A perfect time to use Group, as I want to make sure the focus stays on the two birds flying over the small island. Nikon D7200, Aperture Priority, ISO 200, 1/1250 at f/8, EV -0.7, Nikkor 80-400mm f/4.5-5.6 lens at 370mm. Photo copyright Reed Hoffmann.

A perfect time to use Group, as I want to make sure the focus stays on the two birds flying over the small island.
Nikon D7200, Aperture Priority, ISO 200, 1/1250 at f/8, EV -0.7, Nikkor 80-400mm f/4.5-5.6 lens at 370mm. Photo copyright Reed Hoffmann.

“Focus tracking with lock-on” – This is one more menu choice, found in Custom Setting, that you should look at and think about. Since it’s normal that things may come between you and your subject, Nikon has designed some tolerance for that into their AF systems. In other words, the if the camera is tracking a subject and suddenly it doesn’t “see” that subject any more, it will hesitate before changing focus. That means that if something blocks your view briefly (pole, person, etc.), the camera won’t immediately change focus to that object. On some of their more advanced cameras, you can adjust that tolerance, or amount of time it waits, from longer to shorter or even off.

Again a screenshot from Nikon ViewnNX-i, you can see that the autofocus sensor is actually missing the subject, but the subject's still in focus. That's because I'm using Dynamic 21, and the delay is set to Normal, so it maintains focus on the subject briefly, giving me time to re-frame. (Screenshot from software)

Again a screenshot from Nikon ViewnNX-i, you can see that the autofocus sensor is actually missing the subject, but the subject’s still in focus. That’s because I’m using Dynamic 21, and the delay is set to Normal, so it maintains focus on the subject briefly, giving me time to re-frame. (Screenshot from software)

Unfortunately, autofocus performance isn’t just about settings and menus. There are a few other things that affect it as well:

Quantity of light – The brighter the available light and the faster the lens (widest aperture), the faster any AF system will perform. Which means that the less light you’ve got (indoors, night), the slower you can expect autofocus to be. In those conditions it’s even more important to use a “fast” lens, not for exposure, but to help AF.

Subject – Autofocus needs contrast and detail to be successful. The less you have of those, the harder it will be for the system to focus. That’s why it often “hunts” when in low light, or struggles to focus on dark colors or solid tones (like black areas, or a blue sky).

AF module and camera – Autofocus performance (which means speed to most of us) is also dependent on the “module” the camera has and the processing power of the camera. A more expensive camera will often have a more powerful autofocus module (more sensors and/or additional “cross-type” sensors), and more powerful processors to run the calculations it does. For example, Nikon’s most powerful (and expensive) camera, the D4S, has the Multi-CAM 3500FX module and 51 sensors. The D5500, a very capable mid-level camera, has the Multi-CAM 4800DX module and 39 sensors. Of course, one reason the D4S has to be so much faster is it can shoot twice as many frames per second as the D5500.

When I'm shooting fast action, I want the most powerful camera I've got. In this case it's the Nikon D4S, ISO 5000, 1/2000 at f/4, Nikkor 200-400mm f/4 lens. Photo copyright the Associated Press.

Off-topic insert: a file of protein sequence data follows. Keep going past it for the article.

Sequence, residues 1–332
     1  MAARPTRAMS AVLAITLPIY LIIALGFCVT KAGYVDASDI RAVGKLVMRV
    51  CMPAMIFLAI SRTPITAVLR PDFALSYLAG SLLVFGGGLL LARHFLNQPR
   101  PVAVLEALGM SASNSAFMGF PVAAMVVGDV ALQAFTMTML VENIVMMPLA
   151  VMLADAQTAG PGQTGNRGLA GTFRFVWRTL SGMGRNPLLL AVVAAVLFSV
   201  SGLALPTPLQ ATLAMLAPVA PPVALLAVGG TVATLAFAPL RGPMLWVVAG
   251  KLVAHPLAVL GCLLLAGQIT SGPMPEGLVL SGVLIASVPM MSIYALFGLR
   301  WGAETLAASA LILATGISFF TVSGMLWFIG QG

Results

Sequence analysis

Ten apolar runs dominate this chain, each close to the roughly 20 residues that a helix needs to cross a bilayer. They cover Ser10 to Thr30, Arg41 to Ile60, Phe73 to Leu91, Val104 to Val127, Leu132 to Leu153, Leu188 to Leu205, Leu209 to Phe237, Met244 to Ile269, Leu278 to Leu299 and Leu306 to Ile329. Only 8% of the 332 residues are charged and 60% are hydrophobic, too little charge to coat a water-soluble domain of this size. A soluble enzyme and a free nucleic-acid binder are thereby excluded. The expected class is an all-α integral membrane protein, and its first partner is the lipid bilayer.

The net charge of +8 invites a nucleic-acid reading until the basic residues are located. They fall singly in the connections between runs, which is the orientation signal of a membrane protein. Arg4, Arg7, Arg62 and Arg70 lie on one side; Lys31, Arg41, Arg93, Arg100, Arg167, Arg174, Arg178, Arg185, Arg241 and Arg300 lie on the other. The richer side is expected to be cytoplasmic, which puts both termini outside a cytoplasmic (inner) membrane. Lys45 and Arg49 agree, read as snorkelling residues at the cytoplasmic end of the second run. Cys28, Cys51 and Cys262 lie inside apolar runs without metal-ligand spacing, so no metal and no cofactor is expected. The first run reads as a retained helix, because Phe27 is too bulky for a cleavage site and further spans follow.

When I’m shooting fast action, I want the most powerful camera I’ve got. In this case it’s the Nikon D4S, ISO 5000, 1/2000 at f/4, Nikkor 200-400mm f/4 lens. Photo copyright the Associated Press.

Also, in any discussion about focus, manual focus should be included. There are times when turning off the autofocus is the best, or perhaps even simplest, choice. For instance, if I know the spot that action’s going to take place, and I can pre-focus there, I’ll do simply that. Why risk the chance that autofocus might miss when you can pretty much guarantee a sharp picture? The other time I regularly switch to manual focus is for night photography. Due to the lack of light, it’s usually easier to do that than struggle trying to get autofocus to work.

Because the subject is blocked until the last millisecond, I've pre-focused manually out where I think he'll be. Nikon D750, Manual exposure, ISO 400, 1/2500 at f/7.1, Nikkor 20mm f/1.8 lens at 20mm. Photo copyright Reed Hoffmann.

Because the subject is blocked until the last millisecond, I’ve pre-focused manually to where I think he’ll be.
Nikon D750, Manual exposure, ISO 400, 1/2500 at f/7.1, Nikkor 20mm f/1.8 lens at 20mm. Photo copyright Reed Hoffmann.

Night photography is the other time I'll almost always turn off autofocus. I usually find it easier in that case to focus manually. Nikon D3S, ISO 2000, 30 seconds at f/5, Nikkor 24-70mm f/2.8 lens at 26mm. Photo copyright Reed Hoffmann.

Night photography is the other time I’ll almost always turn off autofocus. I usually find it easier in that case to focus manually. Nikon D3S, ISO 2000, 30 seconds at f/5, Nikkor 24-70mm f/2.8 lens at 26mm. Photo copyright Reed Hoffmann.

 

 

 

 

 

 

 

 

And finally, it’s always good to remember that no AF system is perfect. You can buy the most expensive camera with the most powerful autofocus system and pair it with the most expensive fast-aperture lenses made. Take that combination out in bright sunlight to shoot action and guess what? You’ll still miss some. But you know what else? You won’t miss as many. As with most things in life, you get what you pay for. Better gear will mean a higher percentage of in-focus shots. But that doesn’t mean you can’t do a good job with what you’ve got. A little knowledge, a lot of practice, and you might surprise yourself with the pictures you make.

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If you’re interested in more information on Nikon’s AF systems, here are links to some other stories:

D4 technical manual – http://nps.nikonimaging.com/technical_solutions/d4_tips/autofocus/

Nikon article on predictive AF – http://www.nikon.com/about/technology/rd/core/software/caf/index.htm

Autofocus stories on Nikon’s education site – http://www.nikonusa.com/en/learn-and-explore/query/h4l7gjc2/autofocus.html